3 MIN. DE LECTURA
* Nikkei dropped 13.6 percent over the past 6 days
* Volatility may persist for a while - traders
* Global macro funds' futures selling eyed - analyst
By Ayai Tomisawa
TOKYO, Aug 26 (Reuters) - Japanese stocks bounced slightly in another volatile session on Wednesday morning, but sentiment remained fragile despite aggressive policy easings by Beijing as a collapse in Chinese stocks threatened to wreak havoc on a stumbling economy.
The Nikkei was up 0.4 percent to 17,877.55 in mid-morning trade after moving in and out of negative territory in early trade.
The benchmark fell 13.6 percent, or 2,813 points, in the six sessions through Tuesday, and a move below 17,450 levels would wipe out all of its gains made this year.
On Tuesday, the People's Bank of China cut interest rates and lowered the amount of reserves banks must hold for the second time in two months, ratcheting up support for a stumbling economy and a plunging stock market.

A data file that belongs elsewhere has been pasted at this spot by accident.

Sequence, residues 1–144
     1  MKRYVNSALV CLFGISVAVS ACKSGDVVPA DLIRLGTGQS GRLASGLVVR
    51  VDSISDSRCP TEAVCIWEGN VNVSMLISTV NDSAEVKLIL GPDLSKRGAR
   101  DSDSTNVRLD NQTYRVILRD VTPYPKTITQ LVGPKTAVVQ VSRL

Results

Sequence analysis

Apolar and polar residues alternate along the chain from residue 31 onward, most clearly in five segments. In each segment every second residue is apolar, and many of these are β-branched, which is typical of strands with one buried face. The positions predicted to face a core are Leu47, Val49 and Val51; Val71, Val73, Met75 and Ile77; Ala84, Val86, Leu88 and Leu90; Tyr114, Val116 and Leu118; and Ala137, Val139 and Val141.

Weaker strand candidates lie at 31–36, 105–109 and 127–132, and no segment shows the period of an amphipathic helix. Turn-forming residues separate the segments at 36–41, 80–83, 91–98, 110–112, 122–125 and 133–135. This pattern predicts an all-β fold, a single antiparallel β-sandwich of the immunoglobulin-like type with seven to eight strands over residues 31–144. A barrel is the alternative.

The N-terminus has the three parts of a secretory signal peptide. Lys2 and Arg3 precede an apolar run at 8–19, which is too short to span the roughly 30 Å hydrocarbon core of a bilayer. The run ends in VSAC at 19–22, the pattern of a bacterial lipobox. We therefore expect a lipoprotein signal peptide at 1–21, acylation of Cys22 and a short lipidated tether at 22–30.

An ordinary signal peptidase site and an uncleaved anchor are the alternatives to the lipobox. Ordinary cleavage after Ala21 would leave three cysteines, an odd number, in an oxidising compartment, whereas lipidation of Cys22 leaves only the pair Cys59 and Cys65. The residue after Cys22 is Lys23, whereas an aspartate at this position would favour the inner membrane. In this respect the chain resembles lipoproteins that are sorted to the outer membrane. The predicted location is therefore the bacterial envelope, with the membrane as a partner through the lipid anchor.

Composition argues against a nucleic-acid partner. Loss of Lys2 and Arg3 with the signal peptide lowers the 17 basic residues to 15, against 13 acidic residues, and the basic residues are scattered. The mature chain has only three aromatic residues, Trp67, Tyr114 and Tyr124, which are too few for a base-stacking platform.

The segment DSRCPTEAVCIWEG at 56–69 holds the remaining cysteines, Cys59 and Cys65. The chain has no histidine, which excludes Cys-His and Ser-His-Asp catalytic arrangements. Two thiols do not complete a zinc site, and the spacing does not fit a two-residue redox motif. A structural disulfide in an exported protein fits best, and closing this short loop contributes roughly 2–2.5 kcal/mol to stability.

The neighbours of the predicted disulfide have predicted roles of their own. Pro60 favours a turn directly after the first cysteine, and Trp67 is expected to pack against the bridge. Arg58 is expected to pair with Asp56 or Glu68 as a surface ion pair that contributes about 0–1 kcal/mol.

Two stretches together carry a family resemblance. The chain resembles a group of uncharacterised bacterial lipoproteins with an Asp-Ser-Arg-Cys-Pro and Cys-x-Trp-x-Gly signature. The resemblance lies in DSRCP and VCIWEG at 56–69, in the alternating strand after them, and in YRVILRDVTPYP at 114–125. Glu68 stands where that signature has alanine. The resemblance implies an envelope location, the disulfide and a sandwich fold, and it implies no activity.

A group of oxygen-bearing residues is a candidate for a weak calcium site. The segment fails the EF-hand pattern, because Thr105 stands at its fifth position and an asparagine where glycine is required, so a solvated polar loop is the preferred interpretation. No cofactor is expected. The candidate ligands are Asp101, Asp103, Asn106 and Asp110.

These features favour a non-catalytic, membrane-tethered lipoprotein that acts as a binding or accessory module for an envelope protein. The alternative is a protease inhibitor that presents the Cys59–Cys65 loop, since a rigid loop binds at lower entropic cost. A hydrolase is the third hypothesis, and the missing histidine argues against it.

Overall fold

Beijing's easing steps failed to stem the rout in Chinese shares, which were down sharply on Wednesday morning after several brief forays into positive territory.
In Japan, the Chinese easings allowed investors to pick up stocks on the cheap, some traders say.
"There is a sense of relief for now, and stocks with attractive valuations and higher dividend yields are in focus," said Nobuhiko Kuramochi, a strategist at Mizuho Securities.
He said stocks such as mega banks were targets for bargain hunters. Mizuho Financial Group gained 1.5 percent and Sumitomo Mitsui Financial Group rose 1.4 percent. The banks have dividend yields of 3.2 percent and 3.3 percent, respectively, while the Nikkei's dividend yields stand at 1.5 percent.
Exporters were also chased higher, with Toyota Motor Corp rising 2.3 percent, Nissan Motor Co gaining 1.7 percent and Panasonic Corp soaring 3.5 percent.
Traders said that the overall short term outlook for the market depended on how Chinese equities perform in coming days.
"You need to be careful of big futures players' positions as their strategy could sway the market sharply," said Norihiro Fujito, senior investment strategist at Mitsubishi UFJ Morgan Stanley Securities.
"Those global macro investors are the 'trend setters' in the market. If they start selling Topix futures, it's not a good sign," Fujito said. "Their selling would be so influential that it could easily offset buying by pension funds and retail investors who like to buy stocks when prices are falling."
The broader Topix rose 1.6 percent to 1,454.80 and the JPX-Nikkei Index 400 added 1.3 percent to 13,080.53. (Editing by Shri Navaratnam)